Bicycles

Compact Wheezy trailer snaps onto your bike and makes it electric

Compact Wheezy trailer snaps o...
Like a strong wind at your back, the Wheezy gives you some extra momentum
Like a strong wind at your back, the Wheezy gives you some extra momentum
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The Wheezy is on Kickstarter now
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The Wheezy is on Kickstarter now
The Wheezy is available in three models
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The Wheezy is available in three models
Its wide, all-terrain tire provides the versatility to go on and off road
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Its wide, all-terrain tire provides the versatility to go on and off road
After the first-time set-up, the Wheezy attaches and detaches in seconds
4/5
After the first-time set-up, the Wheezy attaches and detaches in seconds
Like a strong wind at your back, the Wheezy gives you some extra momentum
5/5
Like a strong wind at your back, the Wheezy gives you some extra momentum
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On-bike electric drives like the ConoDrive and Electron Wheel aren't the only means of adding some electric muscle to your pedaling. Powered bike trailers like the compact Ridekick or cargo-hauling Brouhaha bring their own drive wheels and give your pedaling a little extra oomph. The new, UK-designed Wheezy is a compact, easy-to-use electric trailer option. Make your bike a little more Wheezy and you can expect to be a little less so.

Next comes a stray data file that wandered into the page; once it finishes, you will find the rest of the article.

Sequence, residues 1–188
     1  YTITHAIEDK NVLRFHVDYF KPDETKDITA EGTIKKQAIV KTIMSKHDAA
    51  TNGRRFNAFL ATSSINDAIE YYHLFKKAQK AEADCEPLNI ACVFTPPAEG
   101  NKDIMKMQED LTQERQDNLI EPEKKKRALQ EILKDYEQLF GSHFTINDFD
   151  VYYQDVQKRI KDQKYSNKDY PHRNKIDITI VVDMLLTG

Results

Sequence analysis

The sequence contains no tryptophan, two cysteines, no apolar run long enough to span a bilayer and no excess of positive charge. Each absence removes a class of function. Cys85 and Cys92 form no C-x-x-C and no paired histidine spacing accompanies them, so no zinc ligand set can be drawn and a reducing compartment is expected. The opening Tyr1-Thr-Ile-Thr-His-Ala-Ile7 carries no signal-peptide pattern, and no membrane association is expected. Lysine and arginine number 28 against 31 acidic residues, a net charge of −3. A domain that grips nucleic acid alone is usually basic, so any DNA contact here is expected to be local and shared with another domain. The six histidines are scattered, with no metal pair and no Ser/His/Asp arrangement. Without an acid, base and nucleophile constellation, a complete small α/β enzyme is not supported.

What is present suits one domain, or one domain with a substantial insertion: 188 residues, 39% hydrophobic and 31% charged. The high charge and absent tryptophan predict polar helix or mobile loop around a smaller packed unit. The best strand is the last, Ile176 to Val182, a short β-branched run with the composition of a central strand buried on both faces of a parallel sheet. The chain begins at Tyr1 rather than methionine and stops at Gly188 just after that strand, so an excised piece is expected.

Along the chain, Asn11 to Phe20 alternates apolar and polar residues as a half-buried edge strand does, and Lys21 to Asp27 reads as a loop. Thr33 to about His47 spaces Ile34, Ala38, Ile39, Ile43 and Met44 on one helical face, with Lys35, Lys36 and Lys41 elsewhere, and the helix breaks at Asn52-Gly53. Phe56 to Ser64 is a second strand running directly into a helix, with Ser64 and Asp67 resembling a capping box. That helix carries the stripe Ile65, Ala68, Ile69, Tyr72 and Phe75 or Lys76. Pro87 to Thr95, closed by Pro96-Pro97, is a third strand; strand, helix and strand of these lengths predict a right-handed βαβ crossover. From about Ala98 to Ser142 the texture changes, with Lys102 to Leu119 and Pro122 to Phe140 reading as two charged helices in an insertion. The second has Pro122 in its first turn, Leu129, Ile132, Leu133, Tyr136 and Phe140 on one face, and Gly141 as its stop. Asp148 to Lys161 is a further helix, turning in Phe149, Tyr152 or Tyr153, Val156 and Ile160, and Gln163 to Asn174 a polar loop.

Since the Wheezy is self-powered and doesn't offer any built-in room to transport anything, it really isn't a trailer by any stretch of the definition, save perhaps for when it runs out of power. Its designers description of an electric auxiliary wheel is more accurate, but also clunky. We'll just stick with Wheezy.

The Wheezy is a compact unit that includes a single wheel with 9 x 3.5-in all-terrain tubeless tire, detachable battery pack, brushless electric hub motor, microcontroller, built-in charger with cable, and draw bar. A stainless steel chassis protects the components. Its 26-lb (12-kg) curb weight is a significant drop when compared to the Ridekick's 40-lb (18.1 kg) figure.